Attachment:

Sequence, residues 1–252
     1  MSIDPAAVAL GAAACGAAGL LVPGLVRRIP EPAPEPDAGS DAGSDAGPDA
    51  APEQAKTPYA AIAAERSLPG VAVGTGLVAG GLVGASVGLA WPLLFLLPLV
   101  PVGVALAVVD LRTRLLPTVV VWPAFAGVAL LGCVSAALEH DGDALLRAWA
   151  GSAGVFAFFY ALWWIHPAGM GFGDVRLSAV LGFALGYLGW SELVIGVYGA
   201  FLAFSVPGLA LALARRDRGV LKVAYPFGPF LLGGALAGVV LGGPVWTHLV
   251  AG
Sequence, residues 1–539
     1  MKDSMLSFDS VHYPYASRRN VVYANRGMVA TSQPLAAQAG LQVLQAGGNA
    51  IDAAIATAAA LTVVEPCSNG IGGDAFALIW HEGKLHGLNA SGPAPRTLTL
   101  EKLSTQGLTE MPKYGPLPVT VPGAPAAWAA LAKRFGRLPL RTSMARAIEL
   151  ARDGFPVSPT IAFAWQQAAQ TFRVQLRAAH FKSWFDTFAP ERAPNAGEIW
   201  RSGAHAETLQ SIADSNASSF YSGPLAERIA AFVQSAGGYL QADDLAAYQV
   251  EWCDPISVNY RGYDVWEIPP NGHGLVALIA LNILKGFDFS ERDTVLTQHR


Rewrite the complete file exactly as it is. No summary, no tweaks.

Sequence, residues 1–252
     1  MSIDPAAVAL GAAACGAAGL LVPGLVRRIP EPAPEPDAGS DAGSDAGPDA
    51  APEQAKTPYA AIAAERSLPG VAVGTGLVAG GLVGASVGLA WPLLFLLPLV
   101  PVGVALAVVD LRTRLLPTVV VWPAFAGVAL LGCVSAALEH DGDALLRAWA
   151  GSAGVFAFFY ALWWIHPAGM GFGDVRLSAV LGFALGYLGW SELVIGVYGA
   201  FLAFSVPGLA LALARRDRGV LKVAYPFGPF LLGGALAGVV LGGPVWTHLV
   251  AG
Sequence, residues 1–539
     1  MKDSMLSFDS VHYPYASRRN VVYANRGMVA TSQPLAAQAG LQVLQAGGNA
    51  IDAAIATAAA LTVVEPCSNG IGGDAFALIW HEGKLHGLNA SGPAPRTLTL
   101  EKLSTQGLTE MPKYGPLPVT VPGAPAAWAA LAKRFGRLPL RTSMARAIEL
   151  ARDGFPVSPT IAFAWQQAAQ TFRVQLRAAH FKSWFDTFAP ERAPNAGEIW
   201  RSGAHAETLQ SIADSNASSF YSGPLAERIA AFVQSAGGYL QADDLAAYQV
   251  EWCDPISVNY RGYDVWEIPP NGHGLVALIA LNILKGFDFS ERDTVLTQHR